Some children with autism may have a fascination with topics such as weather, sports or insects. Often, they want to share their interest with others, and they may launch into a “monologue” about the topic. Another characteristic seen in kids with autism is repetitive movements. This may look like hand-flapping, rocking or spinning of objects. In addition, children might have repeated vocalizations or they might repeat what they hear (known as “echolalia”).

6. Making friends might take practice.

Social skills can be bewildering to children with autism. Learning to read a friend’s facial expressions, for example, might be like learning a foreign language. Similarly, understanding tone of voice, taking turns and maintaining eye contact can be challenging.

7. Routines can create comfort.  

For children with autism, changes in routine can create high levels of anxiety and uncertainty. This can lead to difficulty completing tasks, maintaining attention, or even “meltdowns.” Routines provide comfort and predictability for children on the autism spectrum, allowing them to know what to expect and what is expected of them.

8. Figures of speech might be hard to “figure out!”

Kids with autism often process language very literally. Our “church phrases” can cause some confusion for students with autism. Psychologist Cara Marker-Daily shared, “One of my young patients wondered, ‘do I have to have surgery to get Jesus into my heart?’” Common Christian language, such as “blood of the Lamb” and “we’re on fire for Jesus” can cause confusion and anxiety.

9. Children with autism love others.

While children with autism may not always react in a typical way to others’ feelings, they do not lack empathy. Psychologist Sherri McClurg emphasizes, “Children on the spectrum can feel very deeply for others.” One mother described, “My son knows when I am upset, and he will come and put his hands on my face to comfort me.”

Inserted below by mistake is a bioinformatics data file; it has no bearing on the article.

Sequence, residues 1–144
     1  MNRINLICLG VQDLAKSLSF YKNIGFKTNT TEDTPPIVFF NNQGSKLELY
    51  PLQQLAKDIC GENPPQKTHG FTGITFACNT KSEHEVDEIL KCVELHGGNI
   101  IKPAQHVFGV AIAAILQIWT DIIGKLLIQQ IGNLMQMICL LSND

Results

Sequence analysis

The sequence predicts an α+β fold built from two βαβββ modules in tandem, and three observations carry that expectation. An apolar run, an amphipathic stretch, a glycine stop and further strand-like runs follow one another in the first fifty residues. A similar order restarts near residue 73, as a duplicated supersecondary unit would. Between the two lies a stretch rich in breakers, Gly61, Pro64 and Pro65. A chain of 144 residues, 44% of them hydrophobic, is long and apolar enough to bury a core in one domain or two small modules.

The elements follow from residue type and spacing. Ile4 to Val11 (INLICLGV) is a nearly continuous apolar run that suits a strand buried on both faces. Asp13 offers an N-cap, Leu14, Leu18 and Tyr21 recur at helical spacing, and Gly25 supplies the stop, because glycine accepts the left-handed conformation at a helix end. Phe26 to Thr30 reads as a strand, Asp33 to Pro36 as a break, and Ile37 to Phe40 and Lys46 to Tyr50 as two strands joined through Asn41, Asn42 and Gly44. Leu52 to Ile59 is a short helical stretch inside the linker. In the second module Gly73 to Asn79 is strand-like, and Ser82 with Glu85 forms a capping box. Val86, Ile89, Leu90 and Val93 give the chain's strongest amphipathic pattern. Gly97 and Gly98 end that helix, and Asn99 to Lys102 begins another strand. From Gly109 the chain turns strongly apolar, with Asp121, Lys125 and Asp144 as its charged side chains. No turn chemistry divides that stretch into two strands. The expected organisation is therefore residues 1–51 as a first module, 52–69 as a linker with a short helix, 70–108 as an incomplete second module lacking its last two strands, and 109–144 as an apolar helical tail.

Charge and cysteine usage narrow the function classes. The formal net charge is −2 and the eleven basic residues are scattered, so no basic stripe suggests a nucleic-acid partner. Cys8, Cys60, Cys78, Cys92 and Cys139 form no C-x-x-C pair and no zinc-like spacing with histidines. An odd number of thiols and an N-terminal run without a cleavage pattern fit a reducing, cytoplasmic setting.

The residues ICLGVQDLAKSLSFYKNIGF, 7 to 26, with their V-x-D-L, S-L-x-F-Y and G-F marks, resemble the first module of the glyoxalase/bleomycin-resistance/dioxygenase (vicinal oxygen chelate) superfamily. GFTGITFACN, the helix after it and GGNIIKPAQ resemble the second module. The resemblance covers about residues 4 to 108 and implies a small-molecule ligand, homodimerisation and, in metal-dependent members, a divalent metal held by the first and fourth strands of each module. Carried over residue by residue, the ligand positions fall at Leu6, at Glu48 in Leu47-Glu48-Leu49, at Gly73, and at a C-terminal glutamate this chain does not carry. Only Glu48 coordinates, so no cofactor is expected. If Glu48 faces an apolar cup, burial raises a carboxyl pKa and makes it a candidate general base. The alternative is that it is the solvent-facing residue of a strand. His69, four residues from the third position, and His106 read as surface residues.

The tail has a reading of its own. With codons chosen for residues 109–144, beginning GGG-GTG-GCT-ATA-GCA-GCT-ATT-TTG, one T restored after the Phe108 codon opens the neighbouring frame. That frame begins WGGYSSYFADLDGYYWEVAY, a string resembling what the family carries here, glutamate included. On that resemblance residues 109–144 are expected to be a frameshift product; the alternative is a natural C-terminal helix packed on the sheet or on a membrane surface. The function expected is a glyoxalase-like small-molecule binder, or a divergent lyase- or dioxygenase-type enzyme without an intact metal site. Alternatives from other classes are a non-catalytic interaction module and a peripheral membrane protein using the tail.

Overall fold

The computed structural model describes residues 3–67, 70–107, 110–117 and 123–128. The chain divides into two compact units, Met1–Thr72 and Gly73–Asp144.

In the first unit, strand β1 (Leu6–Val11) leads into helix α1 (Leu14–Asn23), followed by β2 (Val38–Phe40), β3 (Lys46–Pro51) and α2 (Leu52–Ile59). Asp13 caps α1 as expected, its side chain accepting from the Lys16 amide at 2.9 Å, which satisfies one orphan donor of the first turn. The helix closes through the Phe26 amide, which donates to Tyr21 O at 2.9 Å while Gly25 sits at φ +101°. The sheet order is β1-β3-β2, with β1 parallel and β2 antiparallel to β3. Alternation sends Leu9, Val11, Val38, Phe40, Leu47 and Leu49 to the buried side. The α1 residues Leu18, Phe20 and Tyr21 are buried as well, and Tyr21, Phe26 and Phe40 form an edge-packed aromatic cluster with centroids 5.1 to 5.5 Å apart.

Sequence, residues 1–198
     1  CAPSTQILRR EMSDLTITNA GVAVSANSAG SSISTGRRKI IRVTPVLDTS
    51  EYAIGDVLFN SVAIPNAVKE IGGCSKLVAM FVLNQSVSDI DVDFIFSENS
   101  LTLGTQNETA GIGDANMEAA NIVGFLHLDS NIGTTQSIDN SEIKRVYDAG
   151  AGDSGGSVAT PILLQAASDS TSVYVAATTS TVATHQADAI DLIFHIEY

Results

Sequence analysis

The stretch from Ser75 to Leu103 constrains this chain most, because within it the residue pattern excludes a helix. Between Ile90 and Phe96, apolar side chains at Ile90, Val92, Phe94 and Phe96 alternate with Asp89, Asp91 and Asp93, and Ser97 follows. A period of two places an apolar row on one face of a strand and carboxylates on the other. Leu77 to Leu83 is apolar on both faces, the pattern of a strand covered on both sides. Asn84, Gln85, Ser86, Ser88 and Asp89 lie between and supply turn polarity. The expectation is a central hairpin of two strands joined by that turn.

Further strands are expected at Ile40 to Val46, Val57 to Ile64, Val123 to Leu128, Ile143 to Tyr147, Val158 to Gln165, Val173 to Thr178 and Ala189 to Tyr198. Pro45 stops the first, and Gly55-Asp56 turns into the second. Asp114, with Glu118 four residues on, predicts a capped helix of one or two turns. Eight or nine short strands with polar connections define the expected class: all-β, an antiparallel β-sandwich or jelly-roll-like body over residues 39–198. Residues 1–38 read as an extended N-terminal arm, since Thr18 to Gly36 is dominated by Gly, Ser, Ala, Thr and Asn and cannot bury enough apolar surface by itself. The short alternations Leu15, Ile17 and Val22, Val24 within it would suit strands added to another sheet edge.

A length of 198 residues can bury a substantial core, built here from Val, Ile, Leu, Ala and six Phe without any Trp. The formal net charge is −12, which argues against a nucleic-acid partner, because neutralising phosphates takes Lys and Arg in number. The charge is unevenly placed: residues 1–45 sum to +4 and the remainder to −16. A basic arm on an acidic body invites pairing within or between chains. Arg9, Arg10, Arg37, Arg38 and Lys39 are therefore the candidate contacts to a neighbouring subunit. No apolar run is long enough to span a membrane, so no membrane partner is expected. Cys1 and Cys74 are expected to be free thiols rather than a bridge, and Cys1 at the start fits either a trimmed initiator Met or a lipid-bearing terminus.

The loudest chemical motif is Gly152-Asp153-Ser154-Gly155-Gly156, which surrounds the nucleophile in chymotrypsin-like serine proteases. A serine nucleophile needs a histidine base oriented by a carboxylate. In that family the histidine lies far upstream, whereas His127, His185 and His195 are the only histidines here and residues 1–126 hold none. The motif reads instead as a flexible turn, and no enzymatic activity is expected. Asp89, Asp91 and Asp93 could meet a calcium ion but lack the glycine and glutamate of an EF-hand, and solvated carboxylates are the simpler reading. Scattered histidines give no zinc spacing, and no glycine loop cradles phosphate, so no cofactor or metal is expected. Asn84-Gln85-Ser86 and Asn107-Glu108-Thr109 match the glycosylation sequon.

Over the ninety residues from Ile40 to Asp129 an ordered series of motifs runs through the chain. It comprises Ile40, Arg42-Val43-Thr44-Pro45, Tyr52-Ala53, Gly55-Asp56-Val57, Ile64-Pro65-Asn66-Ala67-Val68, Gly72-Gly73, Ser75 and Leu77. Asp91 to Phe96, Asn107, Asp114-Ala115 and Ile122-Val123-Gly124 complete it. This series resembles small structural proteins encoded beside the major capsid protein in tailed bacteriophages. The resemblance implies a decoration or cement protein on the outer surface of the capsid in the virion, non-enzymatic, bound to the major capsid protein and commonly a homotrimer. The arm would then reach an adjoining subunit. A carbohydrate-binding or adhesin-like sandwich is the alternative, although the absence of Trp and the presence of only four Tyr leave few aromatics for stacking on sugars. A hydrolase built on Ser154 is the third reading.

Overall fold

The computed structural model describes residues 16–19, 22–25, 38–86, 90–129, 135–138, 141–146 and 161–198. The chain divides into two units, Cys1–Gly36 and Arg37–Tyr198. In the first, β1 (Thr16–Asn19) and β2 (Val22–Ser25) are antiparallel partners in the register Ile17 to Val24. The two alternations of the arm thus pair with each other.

10. Jesus loves them.

He created them. He understands them…and He knows their infinite value to the Kingdom. In Matthew 19, Jesus commands “Let the little children come to me!” Jesus has plenty of room in His arms for ALL the children…including the wonderful kids who just happen to have autism.

By learning about autism, church leaders provide the opportunity for these children—and their families—to grow in relationship with Jesus. And remember, the Church is incomplete without the gifts of all! One mother reflected on her church’s welcoming culture, saying, “It took time and effort [to include my daughter with autism at church]. But now, she’s an altar server. I never thought that would happen! But, she felt the call to serve… miracles really can happen.”

katie-weatherbeeA ministry and educational consultant, Katie loves helping families, schools, and churches work together to make every child feel included. In addition to her consulting work, Katie is a writer whose articles have been featured on The Huffington Post, the Power of Moms blog and in K! Magazine. Katie is currently a columnist for Children’s Ministry Magazine, and serves on the special needs curriculum team at Standard Publishing. Her first book, Every Child Welcome (with co-author Jolene Philo) will be published in 2015.

She lives in Chagrin Falls with her husband, Tom, and two children. You can find her online at katiewetherbee.com.